Case #218 – December, 2007
A 52-year-old man was seen at a hospital for fever and chills. He reported travel to wooded areas in the Northeastern United States and noted previous tick bites. For the last case study of the year, you do not have to make a diagnosis since Babesia sp. was identified on a Giemsa-stained blood smear by the hospital laboratory staff. However, the attending physician would like a parasitemia value to determine how best to manage the care and treatment of the patient. Using the images provided, please calculate the parasitemia. Happy holidays!
The parasitemia for this case of babesiosis was approximately 23%. For this case, a stained thin smear was examined and parasitemia was expressed as the percentage of red blood cells (RBCs) infected, not the number of parasites observed. Counting the number of parasites could lead to an inaccurately high value and may lead to more aggressive therapy than necessary. When using this approach, report the number of infected RBCs per 100 RBCs; a minimum of 500-2,000 RBCs should be counted. Due to the constraints of presenting this as a case study, we only showed three images with about 30 RBCs each. The values for the images should be approximately as follows:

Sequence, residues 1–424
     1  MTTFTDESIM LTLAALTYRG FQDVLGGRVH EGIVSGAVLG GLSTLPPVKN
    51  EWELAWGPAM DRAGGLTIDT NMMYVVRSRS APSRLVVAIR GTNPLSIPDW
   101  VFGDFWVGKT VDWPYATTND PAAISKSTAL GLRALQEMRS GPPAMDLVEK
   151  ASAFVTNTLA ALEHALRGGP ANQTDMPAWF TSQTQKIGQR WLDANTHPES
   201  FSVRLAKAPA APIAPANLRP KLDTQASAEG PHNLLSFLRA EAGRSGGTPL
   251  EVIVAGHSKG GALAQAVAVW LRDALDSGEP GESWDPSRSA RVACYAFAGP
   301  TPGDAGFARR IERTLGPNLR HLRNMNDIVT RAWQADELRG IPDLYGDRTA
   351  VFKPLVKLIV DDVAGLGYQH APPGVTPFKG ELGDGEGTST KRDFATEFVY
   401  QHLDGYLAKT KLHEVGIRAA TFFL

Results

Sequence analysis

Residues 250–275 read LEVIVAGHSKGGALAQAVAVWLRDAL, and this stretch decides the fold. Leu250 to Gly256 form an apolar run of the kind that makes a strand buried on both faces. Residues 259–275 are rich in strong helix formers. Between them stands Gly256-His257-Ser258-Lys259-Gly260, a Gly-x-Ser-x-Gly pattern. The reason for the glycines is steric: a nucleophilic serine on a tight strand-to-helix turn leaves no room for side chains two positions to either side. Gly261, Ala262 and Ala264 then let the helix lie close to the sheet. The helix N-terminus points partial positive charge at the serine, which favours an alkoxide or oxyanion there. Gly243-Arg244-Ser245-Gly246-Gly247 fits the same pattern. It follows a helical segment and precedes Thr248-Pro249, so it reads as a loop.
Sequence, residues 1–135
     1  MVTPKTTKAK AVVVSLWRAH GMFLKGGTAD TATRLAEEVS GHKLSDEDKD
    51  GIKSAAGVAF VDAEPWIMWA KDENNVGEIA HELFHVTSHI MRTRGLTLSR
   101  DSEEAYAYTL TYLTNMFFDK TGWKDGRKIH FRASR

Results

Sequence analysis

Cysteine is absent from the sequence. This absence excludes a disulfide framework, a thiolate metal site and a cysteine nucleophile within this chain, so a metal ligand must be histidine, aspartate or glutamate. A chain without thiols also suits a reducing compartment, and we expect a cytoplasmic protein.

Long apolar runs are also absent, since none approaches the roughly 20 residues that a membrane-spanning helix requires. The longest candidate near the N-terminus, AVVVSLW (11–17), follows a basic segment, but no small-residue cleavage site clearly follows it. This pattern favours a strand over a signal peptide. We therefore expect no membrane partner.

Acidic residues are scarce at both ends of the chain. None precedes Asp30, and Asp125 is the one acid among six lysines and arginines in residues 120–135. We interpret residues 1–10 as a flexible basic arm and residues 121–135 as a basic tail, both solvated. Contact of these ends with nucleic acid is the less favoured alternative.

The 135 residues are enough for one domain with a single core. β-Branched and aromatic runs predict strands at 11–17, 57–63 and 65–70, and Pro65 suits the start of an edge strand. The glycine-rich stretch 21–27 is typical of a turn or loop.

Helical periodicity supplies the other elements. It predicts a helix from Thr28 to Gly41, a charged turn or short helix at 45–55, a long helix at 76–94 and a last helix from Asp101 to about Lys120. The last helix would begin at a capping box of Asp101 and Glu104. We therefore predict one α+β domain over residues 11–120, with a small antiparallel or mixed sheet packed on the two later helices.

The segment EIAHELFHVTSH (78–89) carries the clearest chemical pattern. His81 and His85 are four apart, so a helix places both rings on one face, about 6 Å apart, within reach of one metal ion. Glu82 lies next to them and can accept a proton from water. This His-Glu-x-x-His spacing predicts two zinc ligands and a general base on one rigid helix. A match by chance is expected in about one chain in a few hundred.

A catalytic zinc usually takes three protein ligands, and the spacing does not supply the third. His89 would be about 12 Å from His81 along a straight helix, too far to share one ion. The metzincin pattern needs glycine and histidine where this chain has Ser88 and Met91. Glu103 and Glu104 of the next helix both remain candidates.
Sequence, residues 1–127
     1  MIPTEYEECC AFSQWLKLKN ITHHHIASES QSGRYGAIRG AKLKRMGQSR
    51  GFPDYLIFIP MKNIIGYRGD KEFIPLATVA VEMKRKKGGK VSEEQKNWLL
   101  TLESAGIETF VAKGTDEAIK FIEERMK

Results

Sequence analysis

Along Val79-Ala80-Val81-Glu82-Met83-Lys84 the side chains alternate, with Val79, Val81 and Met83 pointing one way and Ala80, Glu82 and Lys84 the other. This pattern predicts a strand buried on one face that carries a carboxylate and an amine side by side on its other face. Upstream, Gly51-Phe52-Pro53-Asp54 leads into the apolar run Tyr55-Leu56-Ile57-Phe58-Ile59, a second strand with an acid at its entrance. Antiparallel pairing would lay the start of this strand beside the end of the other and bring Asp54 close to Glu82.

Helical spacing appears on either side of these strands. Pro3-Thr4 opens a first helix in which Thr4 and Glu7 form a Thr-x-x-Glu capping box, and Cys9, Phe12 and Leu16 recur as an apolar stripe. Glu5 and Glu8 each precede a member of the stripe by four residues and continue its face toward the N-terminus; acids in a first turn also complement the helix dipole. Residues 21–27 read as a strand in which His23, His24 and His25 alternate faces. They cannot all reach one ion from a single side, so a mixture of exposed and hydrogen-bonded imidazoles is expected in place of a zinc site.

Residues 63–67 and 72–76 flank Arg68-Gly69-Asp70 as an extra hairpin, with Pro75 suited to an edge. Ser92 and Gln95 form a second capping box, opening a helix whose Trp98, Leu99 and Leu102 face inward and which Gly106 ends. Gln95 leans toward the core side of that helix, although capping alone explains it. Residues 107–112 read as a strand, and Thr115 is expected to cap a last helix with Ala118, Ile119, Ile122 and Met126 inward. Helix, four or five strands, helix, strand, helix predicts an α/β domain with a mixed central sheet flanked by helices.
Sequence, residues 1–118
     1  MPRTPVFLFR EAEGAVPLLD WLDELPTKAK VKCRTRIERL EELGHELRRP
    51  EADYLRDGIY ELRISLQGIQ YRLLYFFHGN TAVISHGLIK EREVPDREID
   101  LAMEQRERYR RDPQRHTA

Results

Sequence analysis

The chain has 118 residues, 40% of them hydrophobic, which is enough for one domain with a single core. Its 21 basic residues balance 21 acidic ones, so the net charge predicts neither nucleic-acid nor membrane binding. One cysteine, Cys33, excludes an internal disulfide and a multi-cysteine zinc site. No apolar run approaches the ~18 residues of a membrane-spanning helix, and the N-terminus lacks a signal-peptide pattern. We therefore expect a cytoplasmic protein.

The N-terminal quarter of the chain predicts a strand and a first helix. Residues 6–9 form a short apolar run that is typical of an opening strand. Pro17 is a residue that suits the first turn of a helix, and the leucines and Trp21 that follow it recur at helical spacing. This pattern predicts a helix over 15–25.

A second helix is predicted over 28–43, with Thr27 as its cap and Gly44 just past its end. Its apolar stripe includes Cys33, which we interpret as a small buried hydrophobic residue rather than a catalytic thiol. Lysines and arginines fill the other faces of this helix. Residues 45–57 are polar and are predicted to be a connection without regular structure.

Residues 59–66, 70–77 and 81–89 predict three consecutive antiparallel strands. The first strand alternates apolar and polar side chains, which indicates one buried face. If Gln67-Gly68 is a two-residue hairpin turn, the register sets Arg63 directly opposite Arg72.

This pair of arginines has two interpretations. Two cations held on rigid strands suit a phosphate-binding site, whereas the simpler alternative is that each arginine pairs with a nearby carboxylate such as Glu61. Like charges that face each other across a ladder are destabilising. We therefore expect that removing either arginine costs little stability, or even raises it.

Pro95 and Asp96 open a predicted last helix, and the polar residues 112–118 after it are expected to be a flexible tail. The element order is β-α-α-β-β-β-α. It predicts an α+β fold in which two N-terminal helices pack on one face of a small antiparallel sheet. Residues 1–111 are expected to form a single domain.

- Figure A – 6 infected RBCs out 28 RBCs
- Figure B – 9 infected RBCs out of 29 RBCs
- Figure C – 5 infected RBCs out of 29 RBCs
These counts give an average of 6.6 infected RBCs per 28.6 RBCs or 23% of RBCs infected. In areas endemic for malaria, the thick blood smear is generally used for calculating parasitemia: if the white blood cell count is known, the parasitemia can be estimated as the number of parasites per microliter of blood. Another approach that can used for either thick or thin smears is to count the number of parasites per 100 white blood cells (WBCs); this number can also be converted to the number of parasites per microliter of blood.
More on: Calculating Parasitemias
Images presented in the DPDx case studies are from specimens submitted for diagnosis or archiving. On rare occasions, clinical histories given may be partly fictitious.
DPDx is an educational resource designed for health professionals and laboratory scientists. For an overview including prevention, control, and treatment visit www.cdc.gov/parasites/.